Household Goods Challenges in 2022

Household Goods Challenges and Increases

The global household goods shipping industry is anticipating continued capacity challenges, as well as volatility around freight costs. We anticipate these challenges to continue for the remainder of 2022 and potentially into 2023.


These shipping challenges are primarily due to the ongoing effects of the COVID-19 pandemic on the global supply chain. Specific challenges include reduced frequency of freight sailings and flights, port delays, market-specific labor shortfalls, and equipment and material shortages.

The Russian invasion of Ukraine and associated volatility in the political climate are likely to further impact the supply chain and increase labor and freight costs in some markets and travel lanes, primarily in Europe.

Specific areas impacted by these disruptions include:

Port Delays Worldwide

Time at port has increased as ports are overwhelmed with containers, labor issues and pandemic policies. It is not uncommon for shipments to experience delays between 7-28 days above normal time at the ports.

Longer Transit Times

Routings have been delayed due to additional time during port handling and efforts to secure containers and space availability on the vessels and airlines. Door-to-door transit time extensions vary by travel lane, but in general, our Supplier Partners are noting 3-5 week extensions for ocean shipments and 7-10 days for air shipments.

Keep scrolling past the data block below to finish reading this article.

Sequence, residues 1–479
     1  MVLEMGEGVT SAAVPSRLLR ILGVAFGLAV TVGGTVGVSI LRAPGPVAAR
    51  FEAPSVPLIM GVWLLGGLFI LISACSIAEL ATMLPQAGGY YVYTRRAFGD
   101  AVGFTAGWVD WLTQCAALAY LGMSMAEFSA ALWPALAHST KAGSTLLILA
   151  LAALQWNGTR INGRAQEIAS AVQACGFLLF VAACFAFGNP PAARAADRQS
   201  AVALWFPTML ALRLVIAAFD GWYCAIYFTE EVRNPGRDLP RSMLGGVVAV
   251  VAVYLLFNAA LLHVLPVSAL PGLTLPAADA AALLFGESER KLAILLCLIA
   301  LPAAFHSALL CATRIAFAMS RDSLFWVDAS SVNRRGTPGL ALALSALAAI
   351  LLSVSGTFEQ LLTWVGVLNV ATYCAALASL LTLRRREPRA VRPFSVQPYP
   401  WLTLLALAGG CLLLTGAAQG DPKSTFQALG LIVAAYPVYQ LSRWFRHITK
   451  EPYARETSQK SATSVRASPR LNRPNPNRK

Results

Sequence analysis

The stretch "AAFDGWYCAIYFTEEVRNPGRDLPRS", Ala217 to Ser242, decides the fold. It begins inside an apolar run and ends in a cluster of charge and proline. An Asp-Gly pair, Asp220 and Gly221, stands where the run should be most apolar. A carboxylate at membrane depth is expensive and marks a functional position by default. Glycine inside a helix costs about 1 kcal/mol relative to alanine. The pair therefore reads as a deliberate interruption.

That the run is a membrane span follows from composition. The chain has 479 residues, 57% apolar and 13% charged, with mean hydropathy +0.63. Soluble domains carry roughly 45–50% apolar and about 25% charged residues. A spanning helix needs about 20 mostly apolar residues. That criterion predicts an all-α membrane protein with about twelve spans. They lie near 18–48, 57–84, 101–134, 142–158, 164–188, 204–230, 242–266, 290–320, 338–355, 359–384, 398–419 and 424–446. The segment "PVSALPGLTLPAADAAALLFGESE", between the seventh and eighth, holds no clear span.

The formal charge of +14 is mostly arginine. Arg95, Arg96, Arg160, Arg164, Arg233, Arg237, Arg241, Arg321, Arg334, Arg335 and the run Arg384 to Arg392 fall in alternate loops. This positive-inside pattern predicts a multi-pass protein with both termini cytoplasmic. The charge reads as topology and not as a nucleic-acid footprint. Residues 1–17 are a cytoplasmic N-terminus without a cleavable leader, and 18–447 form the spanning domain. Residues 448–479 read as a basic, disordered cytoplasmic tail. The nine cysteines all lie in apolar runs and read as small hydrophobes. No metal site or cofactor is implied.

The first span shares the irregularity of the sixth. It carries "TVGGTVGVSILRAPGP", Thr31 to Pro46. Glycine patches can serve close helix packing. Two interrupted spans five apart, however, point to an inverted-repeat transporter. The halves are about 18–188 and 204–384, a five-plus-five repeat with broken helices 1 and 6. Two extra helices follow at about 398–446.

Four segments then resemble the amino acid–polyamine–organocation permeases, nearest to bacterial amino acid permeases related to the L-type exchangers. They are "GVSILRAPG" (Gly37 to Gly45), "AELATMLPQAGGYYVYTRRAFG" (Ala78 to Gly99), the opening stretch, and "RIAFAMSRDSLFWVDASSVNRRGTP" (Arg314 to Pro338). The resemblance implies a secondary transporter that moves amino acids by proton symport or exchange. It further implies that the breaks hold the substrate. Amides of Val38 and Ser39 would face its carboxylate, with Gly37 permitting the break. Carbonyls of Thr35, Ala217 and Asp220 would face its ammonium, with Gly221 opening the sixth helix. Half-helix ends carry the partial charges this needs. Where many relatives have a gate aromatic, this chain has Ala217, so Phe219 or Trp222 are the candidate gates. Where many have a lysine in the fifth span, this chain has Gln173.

Freight Costs

Global freight rates are averaging 200%-600% higher than pre-pandemic levels. As there continues to be a shortage of containers needed to ship goods, which impacts overall shipping costs. As an example, a recent freight quote for a 20-foot container (roughly 6,000 pounds) from Shanghai to London amounted to $10,300. Pre-pandemic, this same freight cost would have been $1,200. This represents a 758% increase in two years.

Labor Shortages

There continues to be a highly competitive labor market as movers seek to retain and hire qualified employees. In the U.S., labor costs increased 8-10% on average in 2021 and material costs increased 5-10%.

Geo-political Issues

Russia’s invasion of Ukraine is likely to further impact supply chain disruptions and increase labor/freight costs in European lanes. Fuel surcharges are also expected to climb globally, especially in Asia and the EU where there is a reliance on oil from Russia.


Altair will continue to monitor all global and market-specific supply chain disruptions and ensure expectations are set up front with all customers and other impacted parties. We will also continue to work closely with our Supplier Partners to reduce the impact of these industry disruptions.


If you have any questions, please contact your Altair Global Client Services or Business Development representative for more information.

Published On: March 4, 2022

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